Nation State Cyberattacks

When you think of cyberattacks, what do you picture? Your thoughts may turn to a single tech-savvy person in a dark room. Or perhaps a small group of criminals working together to dupe an unsuspecting target. While these scenarios may be true, cyberattacks are growing in size and sophistication, and the recent SolarWinds hack is proof.

What Happened to SolarWinds

Let’s cover the basics of the hack: SolarWinds is a software company that provides a range of IT services to large organizations, including multiple U.S. government entities and private companies. Once hackers compromised SolarWinds, they were also able to compromise the networks of SolarWinds’ clients through malware-infested patches and updates–something known as a supply chain attack. In a supply chain attack, the hacker hits an organization at the beginning of the supply chain and compromises all downstream entities at the same time. The attack continued undetected for months until a private company and customer of SolarWinds, FireEye, discovered the breach.


Over the past few months, more details have come out about the attack. SolarWinds told the SEC that 18,000 customers installed the malicious updates. Last week, the U.S. identified Russia’s Foreign Intelligence Service as the culprit. The U.S. levied sanctions against Russia that included the expulsion of 10 personnel from the Russian embassies and other actions that would “remain unseen.”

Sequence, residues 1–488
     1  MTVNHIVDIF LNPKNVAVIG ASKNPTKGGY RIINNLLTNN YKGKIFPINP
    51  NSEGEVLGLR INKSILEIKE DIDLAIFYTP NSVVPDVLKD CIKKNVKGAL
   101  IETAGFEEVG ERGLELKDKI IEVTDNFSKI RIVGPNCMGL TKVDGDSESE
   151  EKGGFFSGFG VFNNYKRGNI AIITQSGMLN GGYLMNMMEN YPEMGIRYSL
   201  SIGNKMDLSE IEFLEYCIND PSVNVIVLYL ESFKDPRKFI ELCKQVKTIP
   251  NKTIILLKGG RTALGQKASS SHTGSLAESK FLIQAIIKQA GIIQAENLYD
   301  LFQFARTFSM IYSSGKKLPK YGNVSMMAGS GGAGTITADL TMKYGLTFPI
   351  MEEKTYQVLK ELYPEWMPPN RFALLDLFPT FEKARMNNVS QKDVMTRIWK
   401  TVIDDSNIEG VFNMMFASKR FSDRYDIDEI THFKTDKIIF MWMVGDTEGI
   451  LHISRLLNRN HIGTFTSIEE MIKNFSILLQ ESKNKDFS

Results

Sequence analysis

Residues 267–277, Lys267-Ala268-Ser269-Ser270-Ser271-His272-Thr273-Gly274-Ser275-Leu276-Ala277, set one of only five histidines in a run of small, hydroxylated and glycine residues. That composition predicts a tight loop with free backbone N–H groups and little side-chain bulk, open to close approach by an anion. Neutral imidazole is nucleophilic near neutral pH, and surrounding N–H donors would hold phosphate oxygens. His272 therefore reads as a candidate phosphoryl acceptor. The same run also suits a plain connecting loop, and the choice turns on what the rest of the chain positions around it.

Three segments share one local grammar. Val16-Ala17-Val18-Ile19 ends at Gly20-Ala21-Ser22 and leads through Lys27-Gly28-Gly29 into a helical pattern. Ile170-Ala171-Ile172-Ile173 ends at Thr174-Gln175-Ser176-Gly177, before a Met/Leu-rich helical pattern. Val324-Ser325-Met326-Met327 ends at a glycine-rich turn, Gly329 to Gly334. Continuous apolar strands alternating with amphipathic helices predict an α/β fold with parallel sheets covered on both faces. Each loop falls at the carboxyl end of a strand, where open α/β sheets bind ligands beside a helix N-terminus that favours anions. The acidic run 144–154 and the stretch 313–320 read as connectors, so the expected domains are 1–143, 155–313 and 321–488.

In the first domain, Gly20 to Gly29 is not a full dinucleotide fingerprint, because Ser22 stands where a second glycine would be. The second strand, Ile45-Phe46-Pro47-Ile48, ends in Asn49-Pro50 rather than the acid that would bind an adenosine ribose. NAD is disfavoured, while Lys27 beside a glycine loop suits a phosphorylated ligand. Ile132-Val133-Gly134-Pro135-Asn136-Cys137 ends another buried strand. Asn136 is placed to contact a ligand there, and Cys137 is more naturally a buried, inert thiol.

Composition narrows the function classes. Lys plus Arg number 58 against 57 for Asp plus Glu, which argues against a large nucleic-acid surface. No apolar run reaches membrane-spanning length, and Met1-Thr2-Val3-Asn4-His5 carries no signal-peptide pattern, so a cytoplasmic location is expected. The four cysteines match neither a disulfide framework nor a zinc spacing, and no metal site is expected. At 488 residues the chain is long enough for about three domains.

The Future of Cyberattacks

To be clear, nations have used cyberattacks to spy or steal information from other nations in the past but the SolarWinds attack is likely the biggest the U.S. has experienced. As countries operate in the online space, the lines blur between government and private entities. In this case, SolarWinds had both as customers and therefore both were affected by the hack.

As nation states hack entities like banks and power plants, private citizens get caught in the crossfire. For example, in 2019, North Korean hackers infiltrated the Bank of Chile’s ATM network and stole $10 million. A 2016 attack on Ukraine left Kyiv without electricity for an hour.

The bottom line is it’s more important than ever to be cyber aware. That means using your phishing recognition skills when checking work and personal email, texts, and social media messages, monitoring your important accounts regularly, and investigating apps and services before downloading them.

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